A clairvoyant told me secrets about my family
Keanu Reeves talks about the best and worst of times
by Roald Rynning
Now 38, Keanu returns this week in the block-buster sequel The Matrix Reloaded. The reclusive star has been through the deaths of his daughter Ava, who was still-born on Christmas Eve 1999, and his girlfriend, Jennifer Syme, who was killed the following year in a road accident
What was your childhood like?
I was born in Beirut, but grew up in Australia and America before my family settled in Toronto, Canada. My mother Patricia worked in rock 'n' roll, doing costumes for people like Alice Cooper. My stepfather was a theatre director and the people in his world seemed very exotic to me.
What's the best thing about fame?
The experiences I've had working in Hollywood have been some of the best in my life. So, if a film is successful and that success has other consequences, then I'm willing to go through it.
What's the worst thing about fame?
The loss of privacy is sometimes frustrating. But I'm not so famous that I can't go shopping.
How do you feel about being called a heart-throb?
It's flattering, but I don't take it seriously. I know how Hollywood operates. To them I'm just a product to market. All I'm interested in is doing good work.
It hasn't affected your ego?
Well, it has and it hasn't. I'm fairly vain, but I'm trying to keep it under control.
Why do we never see you at premieres?
I try to keep a low profile. I don't like to be seen out on the town because I don't feel at ease when I'm being photographed.
Do tabloid stories upset you?
No. They've got so crazy, they're not even worth thinking about.
Any one you particularly recall?
There was one claiming someone was trying to sell my spleen on the Internet. That's pretty wacky, especially since my spleen is still in me.
There have been rumours that you might be gay or you're on drugs?
I don't care if anyone thinks I'm gay or not, or if I'm on drugs or not.
Who are your friends in Hollywood?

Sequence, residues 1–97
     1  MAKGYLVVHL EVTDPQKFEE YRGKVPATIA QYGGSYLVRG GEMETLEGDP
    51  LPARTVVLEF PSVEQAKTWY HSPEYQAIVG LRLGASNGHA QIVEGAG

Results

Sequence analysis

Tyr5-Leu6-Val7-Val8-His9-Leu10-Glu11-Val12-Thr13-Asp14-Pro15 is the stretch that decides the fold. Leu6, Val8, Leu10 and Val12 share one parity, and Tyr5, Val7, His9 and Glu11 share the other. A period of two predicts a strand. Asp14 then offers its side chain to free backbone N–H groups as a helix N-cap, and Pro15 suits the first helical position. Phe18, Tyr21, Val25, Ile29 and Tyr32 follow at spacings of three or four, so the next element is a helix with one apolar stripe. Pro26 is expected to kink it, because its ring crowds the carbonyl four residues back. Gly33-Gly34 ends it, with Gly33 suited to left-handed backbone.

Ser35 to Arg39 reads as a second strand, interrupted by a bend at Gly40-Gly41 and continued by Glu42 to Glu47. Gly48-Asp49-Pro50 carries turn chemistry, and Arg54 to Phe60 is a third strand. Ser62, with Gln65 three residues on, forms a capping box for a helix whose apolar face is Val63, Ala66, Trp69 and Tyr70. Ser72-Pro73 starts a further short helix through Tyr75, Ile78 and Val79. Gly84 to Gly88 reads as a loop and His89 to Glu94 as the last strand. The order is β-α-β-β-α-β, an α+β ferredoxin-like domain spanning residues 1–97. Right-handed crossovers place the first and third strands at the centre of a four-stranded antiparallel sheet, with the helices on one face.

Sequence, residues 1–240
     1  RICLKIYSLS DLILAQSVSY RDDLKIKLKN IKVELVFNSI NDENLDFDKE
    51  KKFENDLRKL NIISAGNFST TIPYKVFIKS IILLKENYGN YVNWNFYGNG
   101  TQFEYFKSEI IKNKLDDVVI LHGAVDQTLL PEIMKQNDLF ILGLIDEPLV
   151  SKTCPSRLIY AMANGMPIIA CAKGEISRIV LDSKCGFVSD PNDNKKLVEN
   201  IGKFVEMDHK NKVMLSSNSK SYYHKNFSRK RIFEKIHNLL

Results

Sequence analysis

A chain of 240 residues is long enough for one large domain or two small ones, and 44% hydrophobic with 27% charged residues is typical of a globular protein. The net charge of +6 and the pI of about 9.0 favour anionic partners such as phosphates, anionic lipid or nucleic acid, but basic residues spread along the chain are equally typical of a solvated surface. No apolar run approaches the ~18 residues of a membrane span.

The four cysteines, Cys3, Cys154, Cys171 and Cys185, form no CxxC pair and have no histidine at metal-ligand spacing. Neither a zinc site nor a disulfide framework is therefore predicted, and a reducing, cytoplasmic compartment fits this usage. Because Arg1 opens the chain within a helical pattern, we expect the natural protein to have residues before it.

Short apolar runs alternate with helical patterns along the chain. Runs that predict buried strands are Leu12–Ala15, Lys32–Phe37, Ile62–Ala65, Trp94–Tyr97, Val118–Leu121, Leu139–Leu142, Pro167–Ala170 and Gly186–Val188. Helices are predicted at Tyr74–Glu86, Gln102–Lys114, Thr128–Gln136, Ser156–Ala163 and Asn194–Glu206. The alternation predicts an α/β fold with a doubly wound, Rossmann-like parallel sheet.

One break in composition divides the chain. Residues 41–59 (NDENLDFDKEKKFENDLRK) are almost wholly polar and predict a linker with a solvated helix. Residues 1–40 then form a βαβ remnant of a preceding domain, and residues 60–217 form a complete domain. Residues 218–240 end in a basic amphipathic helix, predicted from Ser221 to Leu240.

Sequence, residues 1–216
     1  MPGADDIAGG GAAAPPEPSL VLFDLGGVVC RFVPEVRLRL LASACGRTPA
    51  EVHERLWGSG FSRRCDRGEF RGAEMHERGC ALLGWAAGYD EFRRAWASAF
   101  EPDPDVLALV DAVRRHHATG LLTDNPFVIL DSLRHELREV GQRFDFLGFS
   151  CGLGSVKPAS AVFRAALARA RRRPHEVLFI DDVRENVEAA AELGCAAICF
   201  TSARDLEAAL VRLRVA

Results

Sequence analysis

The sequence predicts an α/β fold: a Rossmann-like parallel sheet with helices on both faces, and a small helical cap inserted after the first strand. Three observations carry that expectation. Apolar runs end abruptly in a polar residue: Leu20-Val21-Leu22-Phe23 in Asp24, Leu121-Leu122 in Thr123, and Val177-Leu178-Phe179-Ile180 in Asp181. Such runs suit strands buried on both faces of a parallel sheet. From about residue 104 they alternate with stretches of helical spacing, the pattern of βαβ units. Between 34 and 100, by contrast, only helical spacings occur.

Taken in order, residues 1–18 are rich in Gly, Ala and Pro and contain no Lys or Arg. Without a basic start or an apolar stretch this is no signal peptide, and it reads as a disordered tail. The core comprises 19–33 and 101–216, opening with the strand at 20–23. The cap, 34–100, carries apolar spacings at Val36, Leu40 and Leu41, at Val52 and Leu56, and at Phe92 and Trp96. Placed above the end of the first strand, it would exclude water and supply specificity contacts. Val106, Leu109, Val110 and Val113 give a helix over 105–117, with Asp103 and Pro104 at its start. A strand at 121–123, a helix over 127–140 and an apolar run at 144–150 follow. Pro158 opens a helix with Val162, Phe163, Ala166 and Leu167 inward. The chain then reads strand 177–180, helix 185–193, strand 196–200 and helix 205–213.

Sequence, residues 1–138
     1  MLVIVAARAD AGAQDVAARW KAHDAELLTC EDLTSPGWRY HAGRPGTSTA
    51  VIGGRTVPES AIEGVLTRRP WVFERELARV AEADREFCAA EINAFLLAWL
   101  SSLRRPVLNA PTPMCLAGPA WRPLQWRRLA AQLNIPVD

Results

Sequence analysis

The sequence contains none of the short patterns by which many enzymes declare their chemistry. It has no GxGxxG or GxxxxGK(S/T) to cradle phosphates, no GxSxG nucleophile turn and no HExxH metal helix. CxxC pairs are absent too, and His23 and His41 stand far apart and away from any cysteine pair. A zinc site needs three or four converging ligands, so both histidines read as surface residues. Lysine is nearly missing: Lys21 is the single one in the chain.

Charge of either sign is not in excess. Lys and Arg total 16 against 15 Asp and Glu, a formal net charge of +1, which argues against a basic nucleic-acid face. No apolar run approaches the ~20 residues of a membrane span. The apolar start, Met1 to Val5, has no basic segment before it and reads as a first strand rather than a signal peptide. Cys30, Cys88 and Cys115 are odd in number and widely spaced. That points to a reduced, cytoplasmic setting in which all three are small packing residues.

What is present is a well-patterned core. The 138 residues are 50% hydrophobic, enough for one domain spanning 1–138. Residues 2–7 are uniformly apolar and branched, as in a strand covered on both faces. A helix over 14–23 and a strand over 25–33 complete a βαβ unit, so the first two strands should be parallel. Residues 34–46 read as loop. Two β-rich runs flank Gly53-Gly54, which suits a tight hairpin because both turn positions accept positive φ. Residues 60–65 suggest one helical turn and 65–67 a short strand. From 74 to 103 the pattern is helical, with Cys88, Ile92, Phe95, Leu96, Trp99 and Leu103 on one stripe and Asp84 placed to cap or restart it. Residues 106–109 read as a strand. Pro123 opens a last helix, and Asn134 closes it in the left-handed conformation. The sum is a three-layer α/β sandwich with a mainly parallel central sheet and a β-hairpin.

I don't have famous friends. All my friends are people I've known for many years, or people I've met outside the industry.
Would you like to marry?
It would be great because it's important to me to have a home and a family.
Why have you spent most of your adult life living in hotels?
That's the way I like it. And I like room service. Most of the time I'm on location or on the road with my band Dog Star. When I'm working I think only about work. Girls have got close very rarely.
Where do you consider home?
I've pretty much led a nomadic lifestyle, but in my heart I'll always consider Toronto my home. It was a great place to grow up.
What's the best thing about earning £10m per film?
That I don't need to think about the money when I accept a movie. I can play Hamlet in a little theatre in Canada and do small independent movies.
What's your best-ever buy?
I bought my sister Kim a house, and I'm really proud of that.
What's the most important decision you've ever made?
Leaving Toronto for LA at 19. I was frustrated that the main parts in the movies I made always went to Americans. I realised that if I wanted to make a serious go at a film career, I'd have to live in Hollywood.
What's the biggest mistake you've ever made?
We're all human and we all make mistakes. But without those mistakes you'd never learn how to grow.
Do you believe in the supernatural?
I've had personal experiences that have made me believe it's a possibility. I saw a clairvoyant in New York who told me things about my family and past she couldn't possibly know. She was specific with times, names and events. What else could I do but say, "This is real"?